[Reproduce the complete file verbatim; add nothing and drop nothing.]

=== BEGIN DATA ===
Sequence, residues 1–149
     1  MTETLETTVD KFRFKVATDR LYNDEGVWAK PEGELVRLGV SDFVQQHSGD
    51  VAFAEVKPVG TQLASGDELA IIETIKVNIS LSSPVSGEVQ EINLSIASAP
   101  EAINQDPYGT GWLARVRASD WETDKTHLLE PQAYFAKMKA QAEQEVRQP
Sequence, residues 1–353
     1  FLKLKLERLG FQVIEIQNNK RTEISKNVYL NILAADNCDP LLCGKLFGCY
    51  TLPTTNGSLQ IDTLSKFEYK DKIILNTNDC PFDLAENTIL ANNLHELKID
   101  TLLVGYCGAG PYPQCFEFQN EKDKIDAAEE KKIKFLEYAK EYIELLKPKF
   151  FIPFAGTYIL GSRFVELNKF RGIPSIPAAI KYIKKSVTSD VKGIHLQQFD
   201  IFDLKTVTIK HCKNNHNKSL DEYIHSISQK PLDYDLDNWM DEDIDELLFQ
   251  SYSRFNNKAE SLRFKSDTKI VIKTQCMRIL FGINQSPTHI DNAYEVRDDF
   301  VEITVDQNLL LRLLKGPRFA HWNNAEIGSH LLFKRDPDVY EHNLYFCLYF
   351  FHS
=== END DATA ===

Sequence, residues 1–149
     1  MTETLETTVD KFRFKVATDR LYNDEGVWAK PEGELVRLGV SDFVQQHSGD
    51  VAFAEVKPVG TQLASGDELA IIETIKVNIS LSSPVSGEVQ EINLSIASAP
   101  EAINQDPYGT GWLARVRASD WETDKTHLLE PQAYFAKMKA QAEQEVRQP
Sequence, residues 1–353
     1  FLKLKLERLG FQVIEIQNNK RTEISKNVYL NILAADNCDP LLCGKLFGCY
    51  TLPTTNGSLQ IDTLSKFEYK DKIILNTNDC PFDLAENTIL ANNLHELKID
   101  TLLVGYCGAG PYPQCFEFQN EKDKIDAAEE KKIKFLEYAK EYIELLKPKF
   151  FIPFAGTYIL GSRFVELNKF RGIPSIPAAI KYIKKSVTSD VKGIHLQQFD
   201  IFDLKTVTIK HCKNNHNKSL DEYIHSISQK PLDYDLDNWM DEDIDELLFQ
   251  SYSRFNNKAE SLRFKSDTKI VIKTQCMRIL FGINQSPTHI DNAYEVRDDF
   301  VEITVDQNLL LRLLKGPRFA HWNNAEIGSH LLFKRDPDVY EHNLYFCLYF
   351  FHS